It was the voice the Phillies heard in their dreams - or maybe their nightmares.
No, not Harry Kalas.
Harry's dulcet baritone likely eased the players into lullaby land. But it was the booming bravado of Dallas Green that jarred them from their reverie.
The person who coined the saying that some people are larger than life probably had Dallas Green in mind.
Green was a giant - figuratively and literally - on the Philly sports scene.
He took a team of chronic underachievers, stuck his boot firmly in their posteriors, and dragged them kicking and screaming to the team's first World Series championship.
For that - meaning his no-nonsense approach to the game and demand that his players bust it every night - he earned the undying respect of Philly fans. That parade in 1980 wasn't bad either.
Green, who made his home for years on a farm in West Grove out in Chester County, died Wednesday at 82.
Green made it clear when he took over for the fired Danny Ozark late in still one more disappointing season in 1979 that things were going to be different.
"The Phillies didn't fire Danny Ozark," Green told his troops. "You did."
Green stood 6 feet, 5 inches tall, and his voice matched his physique.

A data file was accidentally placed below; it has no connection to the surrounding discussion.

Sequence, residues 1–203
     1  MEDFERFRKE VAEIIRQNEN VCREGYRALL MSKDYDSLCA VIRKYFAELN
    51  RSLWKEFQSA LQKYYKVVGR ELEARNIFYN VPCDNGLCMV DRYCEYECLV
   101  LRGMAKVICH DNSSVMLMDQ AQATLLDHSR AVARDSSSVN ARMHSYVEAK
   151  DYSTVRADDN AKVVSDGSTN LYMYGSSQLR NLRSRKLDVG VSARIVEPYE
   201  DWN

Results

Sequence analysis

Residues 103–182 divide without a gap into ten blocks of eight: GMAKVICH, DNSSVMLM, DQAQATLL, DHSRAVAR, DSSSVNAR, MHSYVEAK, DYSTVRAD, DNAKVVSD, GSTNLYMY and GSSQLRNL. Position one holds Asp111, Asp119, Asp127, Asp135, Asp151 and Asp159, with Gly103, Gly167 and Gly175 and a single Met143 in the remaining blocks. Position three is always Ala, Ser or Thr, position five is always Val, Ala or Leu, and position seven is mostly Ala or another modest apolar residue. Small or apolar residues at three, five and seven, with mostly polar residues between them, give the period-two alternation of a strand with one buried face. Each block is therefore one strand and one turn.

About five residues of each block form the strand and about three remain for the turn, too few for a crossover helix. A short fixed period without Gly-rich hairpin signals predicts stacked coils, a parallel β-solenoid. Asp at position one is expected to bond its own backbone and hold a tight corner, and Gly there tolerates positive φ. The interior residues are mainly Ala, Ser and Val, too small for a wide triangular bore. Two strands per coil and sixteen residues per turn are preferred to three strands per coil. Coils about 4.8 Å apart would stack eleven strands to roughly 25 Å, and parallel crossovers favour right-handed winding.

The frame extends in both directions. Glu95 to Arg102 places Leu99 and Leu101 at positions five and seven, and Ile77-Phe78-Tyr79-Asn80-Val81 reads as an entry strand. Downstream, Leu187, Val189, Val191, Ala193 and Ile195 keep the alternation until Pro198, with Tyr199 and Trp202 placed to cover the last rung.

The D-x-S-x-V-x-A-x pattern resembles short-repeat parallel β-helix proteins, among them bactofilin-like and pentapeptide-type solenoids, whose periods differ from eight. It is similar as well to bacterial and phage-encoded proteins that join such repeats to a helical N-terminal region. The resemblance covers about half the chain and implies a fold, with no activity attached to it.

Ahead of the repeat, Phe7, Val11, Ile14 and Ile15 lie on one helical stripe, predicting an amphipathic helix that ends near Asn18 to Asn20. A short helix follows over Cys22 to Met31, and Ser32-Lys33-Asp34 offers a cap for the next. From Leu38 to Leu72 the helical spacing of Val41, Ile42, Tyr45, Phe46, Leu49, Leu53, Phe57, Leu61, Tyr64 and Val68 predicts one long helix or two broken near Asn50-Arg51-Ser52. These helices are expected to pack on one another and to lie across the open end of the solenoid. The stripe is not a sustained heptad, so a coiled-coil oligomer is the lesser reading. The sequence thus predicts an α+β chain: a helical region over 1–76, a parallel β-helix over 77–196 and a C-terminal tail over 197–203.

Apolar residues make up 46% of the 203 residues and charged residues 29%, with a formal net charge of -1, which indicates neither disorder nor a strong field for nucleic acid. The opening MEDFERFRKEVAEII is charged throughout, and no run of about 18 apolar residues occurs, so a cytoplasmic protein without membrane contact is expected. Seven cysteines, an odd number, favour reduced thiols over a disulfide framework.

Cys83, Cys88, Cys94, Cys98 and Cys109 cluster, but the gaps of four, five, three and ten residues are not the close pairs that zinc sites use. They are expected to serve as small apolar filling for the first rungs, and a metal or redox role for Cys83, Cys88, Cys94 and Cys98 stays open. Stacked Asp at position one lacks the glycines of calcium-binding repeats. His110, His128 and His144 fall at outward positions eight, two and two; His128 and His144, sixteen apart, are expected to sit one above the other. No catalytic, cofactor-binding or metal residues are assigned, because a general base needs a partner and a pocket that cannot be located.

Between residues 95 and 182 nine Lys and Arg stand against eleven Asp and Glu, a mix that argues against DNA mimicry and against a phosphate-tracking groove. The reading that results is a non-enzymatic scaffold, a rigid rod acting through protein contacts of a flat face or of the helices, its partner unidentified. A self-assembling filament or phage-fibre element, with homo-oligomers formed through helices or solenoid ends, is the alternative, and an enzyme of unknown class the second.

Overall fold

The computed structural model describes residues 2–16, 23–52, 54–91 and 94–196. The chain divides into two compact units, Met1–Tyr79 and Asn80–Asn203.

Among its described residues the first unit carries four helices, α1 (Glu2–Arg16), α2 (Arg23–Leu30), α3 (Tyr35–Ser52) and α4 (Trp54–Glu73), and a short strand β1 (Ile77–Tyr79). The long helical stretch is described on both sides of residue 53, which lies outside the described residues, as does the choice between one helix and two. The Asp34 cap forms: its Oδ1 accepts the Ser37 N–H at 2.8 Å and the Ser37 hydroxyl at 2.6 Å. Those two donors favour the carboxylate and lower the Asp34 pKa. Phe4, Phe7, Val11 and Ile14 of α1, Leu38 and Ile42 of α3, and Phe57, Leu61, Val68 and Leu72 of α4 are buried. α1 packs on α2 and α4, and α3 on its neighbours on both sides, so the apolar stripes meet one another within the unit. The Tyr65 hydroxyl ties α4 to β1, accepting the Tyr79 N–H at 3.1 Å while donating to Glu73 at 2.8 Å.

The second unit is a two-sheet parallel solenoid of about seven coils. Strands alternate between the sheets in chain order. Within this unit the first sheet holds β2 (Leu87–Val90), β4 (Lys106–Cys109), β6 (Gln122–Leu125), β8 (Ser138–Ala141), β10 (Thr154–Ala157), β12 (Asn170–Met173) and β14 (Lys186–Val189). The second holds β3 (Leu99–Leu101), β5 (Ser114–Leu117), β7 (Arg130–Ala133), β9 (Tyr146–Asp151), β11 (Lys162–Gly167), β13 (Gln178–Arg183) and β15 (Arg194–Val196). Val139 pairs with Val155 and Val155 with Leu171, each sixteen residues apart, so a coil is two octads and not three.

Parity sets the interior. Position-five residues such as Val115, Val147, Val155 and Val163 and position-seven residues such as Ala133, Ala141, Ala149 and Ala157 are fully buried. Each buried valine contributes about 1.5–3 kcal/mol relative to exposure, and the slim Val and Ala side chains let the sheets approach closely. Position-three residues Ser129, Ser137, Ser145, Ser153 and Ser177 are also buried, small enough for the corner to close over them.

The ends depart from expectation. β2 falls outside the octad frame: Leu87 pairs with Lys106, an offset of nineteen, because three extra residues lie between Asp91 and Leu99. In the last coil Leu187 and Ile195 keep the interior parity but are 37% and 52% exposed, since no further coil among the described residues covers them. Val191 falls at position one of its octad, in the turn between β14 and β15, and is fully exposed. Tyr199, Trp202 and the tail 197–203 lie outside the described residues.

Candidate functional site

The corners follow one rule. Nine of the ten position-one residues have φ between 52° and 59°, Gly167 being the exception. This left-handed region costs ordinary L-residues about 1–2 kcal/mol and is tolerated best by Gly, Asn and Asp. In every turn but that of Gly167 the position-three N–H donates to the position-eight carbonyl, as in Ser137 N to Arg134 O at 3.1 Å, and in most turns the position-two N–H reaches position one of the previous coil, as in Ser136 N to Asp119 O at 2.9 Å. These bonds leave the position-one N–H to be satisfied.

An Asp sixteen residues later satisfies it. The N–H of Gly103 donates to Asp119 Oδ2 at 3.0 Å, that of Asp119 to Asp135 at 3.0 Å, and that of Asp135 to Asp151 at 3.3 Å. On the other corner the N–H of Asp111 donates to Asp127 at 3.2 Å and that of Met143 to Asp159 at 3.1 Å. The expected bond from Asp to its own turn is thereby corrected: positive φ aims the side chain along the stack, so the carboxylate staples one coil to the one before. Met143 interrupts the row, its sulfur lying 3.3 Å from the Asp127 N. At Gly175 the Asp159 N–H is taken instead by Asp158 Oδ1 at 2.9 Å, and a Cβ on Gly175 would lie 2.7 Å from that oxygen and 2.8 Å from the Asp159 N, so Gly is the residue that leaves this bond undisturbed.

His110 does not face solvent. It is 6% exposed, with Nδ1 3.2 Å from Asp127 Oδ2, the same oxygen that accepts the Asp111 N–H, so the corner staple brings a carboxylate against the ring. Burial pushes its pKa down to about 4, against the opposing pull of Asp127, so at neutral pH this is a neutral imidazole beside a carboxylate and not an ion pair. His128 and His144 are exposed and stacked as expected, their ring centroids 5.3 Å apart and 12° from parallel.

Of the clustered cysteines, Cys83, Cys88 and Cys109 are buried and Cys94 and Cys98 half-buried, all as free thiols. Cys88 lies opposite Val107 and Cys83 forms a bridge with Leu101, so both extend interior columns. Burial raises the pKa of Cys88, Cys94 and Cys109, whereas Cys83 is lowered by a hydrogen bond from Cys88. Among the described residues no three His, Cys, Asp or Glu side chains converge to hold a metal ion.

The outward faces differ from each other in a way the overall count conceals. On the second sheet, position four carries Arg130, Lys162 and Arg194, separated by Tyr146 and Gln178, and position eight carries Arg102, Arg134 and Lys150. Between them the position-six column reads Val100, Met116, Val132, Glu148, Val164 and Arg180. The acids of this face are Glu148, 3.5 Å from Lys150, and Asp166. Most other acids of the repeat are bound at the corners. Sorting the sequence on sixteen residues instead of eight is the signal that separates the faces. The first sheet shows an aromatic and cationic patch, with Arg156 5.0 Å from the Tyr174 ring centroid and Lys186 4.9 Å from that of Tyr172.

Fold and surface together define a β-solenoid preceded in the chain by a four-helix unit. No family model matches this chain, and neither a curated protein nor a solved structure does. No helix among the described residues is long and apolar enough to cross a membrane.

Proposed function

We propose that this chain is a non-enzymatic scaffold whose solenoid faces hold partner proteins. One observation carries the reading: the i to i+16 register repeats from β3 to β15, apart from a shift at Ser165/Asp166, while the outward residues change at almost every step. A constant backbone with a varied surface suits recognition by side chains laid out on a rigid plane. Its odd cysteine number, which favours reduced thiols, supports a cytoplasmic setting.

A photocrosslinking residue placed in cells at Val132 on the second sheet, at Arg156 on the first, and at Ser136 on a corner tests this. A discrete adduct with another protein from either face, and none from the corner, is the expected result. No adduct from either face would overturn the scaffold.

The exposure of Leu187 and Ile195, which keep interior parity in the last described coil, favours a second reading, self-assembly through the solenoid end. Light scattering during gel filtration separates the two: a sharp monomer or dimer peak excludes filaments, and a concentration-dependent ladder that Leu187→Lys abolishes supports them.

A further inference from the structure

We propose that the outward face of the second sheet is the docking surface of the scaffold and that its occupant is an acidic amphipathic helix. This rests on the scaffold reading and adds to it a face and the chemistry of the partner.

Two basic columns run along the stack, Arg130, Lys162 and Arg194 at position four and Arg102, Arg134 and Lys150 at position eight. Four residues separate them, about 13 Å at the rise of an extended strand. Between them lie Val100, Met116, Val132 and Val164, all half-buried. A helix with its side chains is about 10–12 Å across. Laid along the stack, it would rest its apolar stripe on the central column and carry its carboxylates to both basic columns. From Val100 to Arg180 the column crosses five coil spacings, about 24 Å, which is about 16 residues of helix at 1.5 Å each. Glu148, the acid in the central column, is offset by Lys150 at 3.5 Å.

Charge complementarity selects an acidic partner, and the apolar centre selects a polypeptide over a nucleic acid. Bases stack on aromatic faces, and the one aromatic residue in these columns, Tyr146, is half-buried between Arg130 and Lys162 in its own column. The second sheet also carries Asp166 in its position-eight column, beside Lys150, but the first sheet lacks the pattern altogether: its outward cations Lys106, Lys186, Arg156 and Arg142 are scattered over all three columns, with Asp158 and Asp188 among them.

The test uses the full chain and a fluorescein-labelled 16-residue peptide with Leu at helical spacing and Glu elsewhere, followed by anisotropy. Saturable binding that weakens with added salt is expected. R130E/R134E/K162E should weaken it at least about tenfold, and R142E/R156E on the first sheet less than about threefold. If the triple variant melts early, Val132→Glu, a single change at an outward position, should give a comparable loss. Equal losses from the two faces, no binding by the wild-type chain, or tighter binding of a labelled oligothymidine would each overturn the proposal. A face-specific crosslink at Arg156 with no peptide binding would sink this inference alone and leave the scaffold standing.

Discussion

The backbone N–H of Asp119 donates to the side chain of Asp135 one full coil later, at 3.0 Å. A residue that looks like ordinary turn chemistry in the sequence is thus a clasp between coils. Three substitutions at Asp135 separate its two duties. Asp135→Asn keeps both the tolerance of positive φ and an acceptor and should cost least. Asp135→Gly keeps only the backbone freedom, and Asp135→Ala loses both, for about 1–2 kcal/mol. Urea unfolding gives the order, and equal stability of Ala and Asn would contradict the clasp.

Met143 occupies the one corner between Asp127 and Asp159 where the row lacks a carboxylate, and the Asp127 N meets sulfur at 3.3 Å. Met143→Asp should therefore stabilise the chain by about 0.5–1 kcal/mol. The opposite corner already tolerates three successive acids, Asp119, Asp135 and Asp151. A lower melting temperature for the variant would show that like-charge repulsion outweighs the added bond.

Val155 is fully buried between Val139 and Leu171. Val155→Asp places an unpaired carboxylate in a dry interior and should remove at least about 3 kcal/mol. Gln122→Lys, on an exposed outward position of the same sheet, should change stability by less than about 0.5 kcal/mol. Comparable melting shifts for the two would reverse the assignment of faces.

He coddled no one, from superstars like Mike Schmidt and Pete Rose, to the last guy on his bench.
The players hated him for it. But eventually they turned things around, caught fire in September 1980 after another legendary Green torching, and delivered the city its first championship since the Flyers captured back-to-back Stanley Cups in the '70s.
Green spent six decades in baseball, all but a few of them as part of the Phillies organization. He came out of Delaware as a pitcher and compiled a 20-22 record. That led to one his classic quips: "I'm a 20-game winner, it just took me five years to do it."
But he made his real mark on Philly off the field, where he coached and managed in the minors, then took over the team's farm system, delivering home-grown talent such as Schmidt and Bowa to his mentor, Phillies GM Paul Owens.
When Owens and Phillies owner Ruly Carpenter decided to make a change late in that 1979 season, they turned to Green.
The Phillies likely heard him coming long before they saw him.
Green's voice shook up a Phillies clubhouse that badly needed it.
But it did more than that.
It made them - and us - winners.
for a look at Dallas Green's legendary career.
for Jack McCaffery's look at the man who reshaped the Phillies.